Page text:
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California culture is clearly based on the car.

This is a street legal Honda camouflaged as a racecar, actually a demonstration sound machine, seen here in front of a Fry’s Electronic store in Oxnard.

Driving north out of the Los Angeles area on the five-lane, Ventura Freeway, it feels like a slow paced parking lot to Santa Barbara.

At 20 MPH, one ends up on the bumper of the vehicle ahead where two flashes from a turn signal, before a car squeezes into your lanes, must be considered a lot of notice. However, at that speed, an out of state driver begins to notice things that one doesn’t see at the posted 70 MPH speed.

There is a lot that can be done with seven digits. Personal plates give insight to the owners of vehicles.

Add a heart symbol to the alphabet and numbers and the dynamics expand.


What’s Wrong With This Picture?

This is Gus, left. He’s a rescued Bassett Hound that my friends, Mariette and Ken Coolidge, of Camarillo, Calif., picked up a couple of weeks ago. Seems they’re pushovers for big sad eyes. They have always owned cats and currently have two of their favorite breed the Maine Coon cat, Silver shown right.

Gus is a good dog with a fine disposition and he is learning how to get along with a couple of house cats.

So what’s wrong with this picture?

The vacation must be working if I’m relegated to reporting on cats and dogs fighting.

Wednesday, May 30, 2007

Road Trip

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May, 19 2007
Springerville, Ariz.

This is Albuquerque in the rear view mirror. It’s not the same thing as Lubbock, Texas in the rear view mirror!

It’s spring. School is over. I got an A+ in my Multi Media Journalism course, what used to be known as Advanced Reporting class. Yeah!

It’s time to get out of town for a bit.

There are several stories that I just couldn’t seem to muster much enthusiasm about to post.

I should have commented on the Rio Grande English student and his politically connected parents, but the public outrage has preceded my thoughts. Only a couple points come to mind that have not already been hashed to death: the communication problems that the County Commissioner mother is complaining about seemed to land mud on everyone except the ultimate culprit, her son. He has the obligation to be a good student. It is understandable that he was confronted by a tragic event disrupting his studies. However, it is his responsibility to communicate with his teacher, counselor, principal, if need be, and most importantly with his mother. He also has an obligation to get the work done within the time allotted. His mother comes off in the press as being surprised, she shouldn’t be, her son is right there. He knew he had missed 17 days of school. The communications breakdown is at the family level. So what does she do? She rewards him by going all out for him. She may not have asked for specific preferential treatment, but her political status, and her separated husband’s former political status as an Albuquerque Public Schools board member didn’t go unnoticed.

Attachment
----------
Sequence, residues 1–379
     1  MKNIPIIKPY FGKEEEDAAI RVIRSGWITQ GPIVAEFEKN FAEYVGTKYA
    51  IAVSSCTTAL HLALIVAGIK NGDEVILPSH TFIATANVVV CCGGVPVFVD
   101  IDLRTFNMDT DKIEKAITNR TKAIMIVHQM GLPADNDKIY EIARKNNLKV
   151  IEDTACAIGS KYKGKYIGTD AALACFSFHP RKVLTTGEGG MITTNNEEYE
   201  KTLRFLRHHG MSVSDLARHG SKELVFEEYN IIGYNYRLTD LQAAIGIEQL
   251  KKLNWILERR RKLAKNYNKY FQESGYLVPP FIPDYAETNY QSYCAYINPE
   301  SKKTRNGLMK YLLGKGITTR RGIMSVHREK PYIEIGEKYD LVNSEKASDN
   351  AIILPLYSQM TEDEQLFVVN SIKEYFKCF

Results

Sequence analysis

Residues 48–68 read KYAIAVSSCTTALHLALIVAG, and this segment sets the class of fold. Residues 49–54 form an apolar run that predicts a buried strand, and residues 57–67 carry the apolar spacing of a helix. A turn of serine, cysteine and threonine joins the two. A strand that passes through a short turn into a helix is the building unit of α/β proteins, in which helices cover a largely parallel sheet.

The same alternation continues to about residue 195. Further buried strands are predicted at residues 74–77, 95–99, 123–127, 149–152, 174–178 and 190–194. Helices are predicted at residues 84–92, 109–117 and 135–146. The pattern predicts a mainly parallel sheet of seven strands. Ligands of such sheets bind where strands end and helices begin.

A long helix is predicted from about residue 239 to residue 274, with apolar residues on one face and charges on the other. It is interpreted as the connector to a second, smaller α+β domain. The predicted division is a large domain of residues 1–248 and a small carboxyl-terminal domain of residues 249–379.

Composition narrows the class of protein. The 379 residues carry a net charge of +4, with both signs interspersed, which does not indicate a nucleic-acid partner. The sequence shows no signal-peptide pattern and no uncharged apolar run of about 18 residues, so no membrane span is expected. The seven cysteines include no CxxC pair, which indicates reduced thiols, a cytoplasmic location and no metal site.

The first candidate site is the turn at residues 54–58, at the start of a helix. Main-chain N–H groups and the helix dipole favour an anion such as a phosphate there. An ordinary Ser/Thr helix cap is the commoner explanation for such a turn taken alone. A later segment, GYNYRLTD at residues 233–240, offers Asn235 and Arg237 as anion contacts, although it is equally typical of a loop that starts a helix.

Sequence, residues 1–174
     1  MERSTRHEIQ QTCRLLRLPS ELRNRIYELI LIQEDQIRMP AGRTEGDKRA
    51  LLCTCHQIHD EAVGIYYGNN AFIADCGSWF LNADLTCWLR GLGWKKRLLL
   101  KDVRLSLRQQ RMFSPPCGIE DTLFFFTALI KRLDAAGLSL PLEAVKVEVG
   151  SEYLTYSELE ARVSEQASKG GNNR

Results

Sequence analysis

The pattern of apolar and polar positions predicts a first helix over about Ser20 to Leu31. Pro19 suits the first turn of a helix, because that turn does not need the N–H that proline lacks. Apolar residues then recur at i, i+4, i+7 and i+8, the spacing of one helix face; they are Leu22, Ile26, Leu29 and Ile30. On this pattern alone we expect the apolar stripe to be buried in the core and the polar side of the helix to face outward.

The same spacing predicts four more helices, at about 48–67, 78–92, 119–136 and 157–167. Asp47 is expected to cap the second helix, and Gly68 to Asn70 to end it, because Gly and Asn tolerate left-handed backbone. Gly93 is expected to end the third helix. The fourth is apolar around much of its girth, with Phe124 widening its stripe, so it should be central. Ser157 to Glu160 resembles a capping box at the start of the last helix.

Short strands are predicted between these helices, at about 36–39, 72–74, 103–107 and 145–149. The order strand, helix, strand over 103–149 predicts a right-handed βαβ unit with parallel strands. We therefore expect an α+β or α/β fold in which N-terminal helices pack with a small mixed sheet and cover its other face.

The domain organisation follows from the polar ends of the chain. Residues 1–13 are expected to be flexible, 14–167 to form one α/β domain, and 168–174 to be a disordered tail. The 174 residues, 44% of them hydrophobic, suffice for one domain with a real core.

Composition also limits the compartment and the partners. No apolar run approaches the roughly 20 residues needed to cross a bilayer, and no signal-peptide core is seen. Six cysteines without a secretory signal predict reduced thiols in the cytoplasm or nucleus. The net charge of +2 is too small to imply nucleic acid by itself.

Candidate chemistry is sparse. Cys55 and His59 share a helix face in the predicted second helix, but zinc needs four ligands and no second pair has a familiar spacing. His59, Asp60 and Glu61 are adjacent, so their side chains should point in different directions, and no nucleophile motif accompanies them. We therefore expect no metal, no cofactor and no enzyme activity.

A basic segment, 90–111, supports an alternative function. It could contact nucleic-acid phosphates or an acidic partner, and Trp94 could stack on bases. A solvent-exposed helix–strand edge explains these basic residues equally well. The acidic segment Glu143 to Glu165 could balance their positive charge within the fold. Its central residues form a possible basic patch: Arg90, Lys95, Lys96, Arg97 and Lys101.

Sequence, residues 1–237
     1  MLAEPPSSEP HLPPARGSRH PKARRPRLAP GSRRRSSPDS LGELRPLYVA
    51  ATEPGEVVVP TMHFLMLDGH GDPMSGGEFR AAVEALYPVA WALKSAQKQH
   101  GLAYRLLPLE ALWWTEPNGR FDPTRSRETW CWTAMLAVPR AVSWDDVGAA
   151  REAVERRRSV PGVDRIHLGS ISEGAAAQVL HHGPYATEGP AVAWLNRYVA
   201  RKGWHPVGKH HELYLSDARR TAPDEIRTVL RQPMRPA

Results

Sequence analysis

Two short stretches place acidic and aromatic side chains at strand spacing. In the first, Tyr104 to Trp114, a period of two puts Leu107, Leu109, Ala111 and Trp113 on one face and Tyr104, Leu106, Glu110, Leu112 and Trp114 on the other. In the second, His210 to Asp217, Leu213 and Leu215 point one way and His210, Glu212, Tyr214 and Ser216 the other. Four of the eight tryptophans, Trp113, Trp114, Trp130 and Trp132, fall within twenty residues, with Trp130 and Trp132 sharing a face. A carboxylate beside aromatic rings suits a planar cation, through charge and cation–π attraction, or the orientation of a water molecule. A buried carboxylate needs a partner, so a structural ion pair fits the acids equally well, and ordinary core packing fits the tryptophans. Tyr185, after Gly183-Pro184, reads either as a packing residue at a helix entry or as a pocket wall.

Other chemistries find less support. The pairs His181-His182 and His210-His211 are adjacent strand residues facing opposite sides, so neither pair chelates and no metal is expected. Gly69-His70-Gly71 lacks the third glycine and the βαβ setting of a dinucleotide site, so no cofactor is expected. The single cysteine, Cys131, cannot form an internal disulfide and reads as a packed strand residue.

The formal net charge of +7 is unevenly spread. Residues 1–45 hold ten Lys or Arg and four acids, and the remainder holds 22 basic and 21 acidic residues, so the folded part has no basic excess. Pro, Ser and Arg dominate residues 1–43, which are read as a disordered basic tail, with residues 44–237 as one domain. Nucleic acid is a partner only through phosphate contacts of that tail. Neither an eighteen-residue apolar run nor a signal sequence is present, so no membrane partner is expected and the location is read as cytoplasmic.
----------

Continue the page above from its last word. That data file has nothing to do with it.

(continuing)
She further complained that her son’s privacy was violated. When she stepped out of the norm and APS chose to violate its own policies her son was thrust into the public light. She brought him forward.

The commissioner holds a Ph.D. from the University of California, Berkley and teaches at the University of New Mexico. The lesson she taught her son is that the social reward of crossing the stage during graduation ceremonies is more important than receiving a diploma for work accomplished. I think I want to take a class or two with her. With her required standards for completed schoolwork, that ought to be an easy A.

The use of cellular phones while driving is not working. However, the seat belt law seems to be working OK.

I passed up the bridge reopening ceremony for the newly replaced Washington Street at I-40 overpass on Thursday. I had the opportunity to view some public records that I had requested more than a month ago. That’s one request granted, two still outstanding.

I came upon this accident at San Pedro and Phoenix, above, Friday afternoon. The white SUV might be a SWAT vehicle. It seems that one of the people standing on the corner could be an officer. I had some shopping to do at the Walgreen’s. Fourteen minutes later, below, there were two marked police units present, but what surprised me was the arrival of the tow truck so quickly. Talk about efficient response time.

Those gas prices are out of sight. They’ve been up and down. The cost is about 10 to 15 cents higher than it was during last year’s road trip.

What the heck, join me and get some windshield time as I meander westward.